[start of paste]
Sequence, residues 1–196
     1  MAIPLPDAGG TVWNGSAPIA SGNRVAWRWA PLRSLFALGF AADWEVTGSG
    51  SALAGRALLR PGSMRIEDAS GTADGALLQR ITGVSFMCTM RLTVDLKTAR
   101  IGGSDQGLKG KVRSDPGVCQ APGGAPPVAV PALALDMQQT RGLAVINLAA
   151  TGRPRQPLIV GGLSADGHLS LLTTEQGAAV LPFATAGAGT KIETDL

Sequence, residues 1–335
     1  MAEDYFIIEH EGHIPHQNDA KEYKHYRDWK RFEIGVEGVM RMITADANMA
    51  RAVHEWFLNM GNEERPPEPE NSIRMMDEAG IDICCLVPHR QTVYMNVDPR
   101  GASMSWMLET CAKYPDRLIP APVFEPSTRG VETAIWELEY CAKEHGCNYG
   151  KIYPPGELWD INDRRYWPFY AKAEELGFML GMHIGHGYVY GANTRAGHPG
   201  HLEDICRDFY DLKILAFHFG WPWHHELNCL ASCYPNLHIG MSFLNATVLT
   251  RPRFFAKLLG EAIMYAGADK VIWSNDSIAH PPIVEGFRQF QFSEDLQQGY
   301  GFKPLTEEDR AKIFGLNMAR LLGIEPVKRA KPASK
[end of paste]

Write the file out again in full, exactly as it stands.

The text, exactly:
Sequence, residues 1–196
     1  MAIPLPDAGG TVWNGSAPIA SGNRVAWRWA PLRSLFALGF AADWEVTGSG
    51  SALAGRALLR PGSMRIEDAS GTADGALLQR ITGVSFMCTM RLTVDLKTAR
   101  IGGSDQGLKG KVRSDPGVCQ APGGAPPVAV PALALDMQQT RGLAVINLAA
   151  TGRPRQPLIV GGLSADGHLS LLTTEQGAAV LPFATAGAGT KIETDL

Sequence, residues 1–335
     1  MAEDYFIIEH EGHIPHQNDA KEYKHYRDWK RFEIGVEGVM RMITADANMA
    51  RAVHEWFLNM GNEERPPEPE NSIRMMDEAG IDICCLVPHR QTVYMNVDPR
   101  GASMSWMLET CAKYPDRLIP APVFEPSTRG VETAIWELEY CAKEHGCNYG
   151  KIYPPGELWD INDRRYWPFY AKAEELGFML GMHIGHGYVY GANTRAGHPG
   201  HLEDICRDFY DLKILAFHFG WPWHHELNCL ASCYPNLHIG MSFLNATVLT
   251  RPRFFAKLLG EAIMYAGADK VIWSNDSIAH PPIVEGFRQF QFSEDLQQGY
   301  GFKPLTEEDR AKIFGLNMAR LLGIEPVKRA KPASK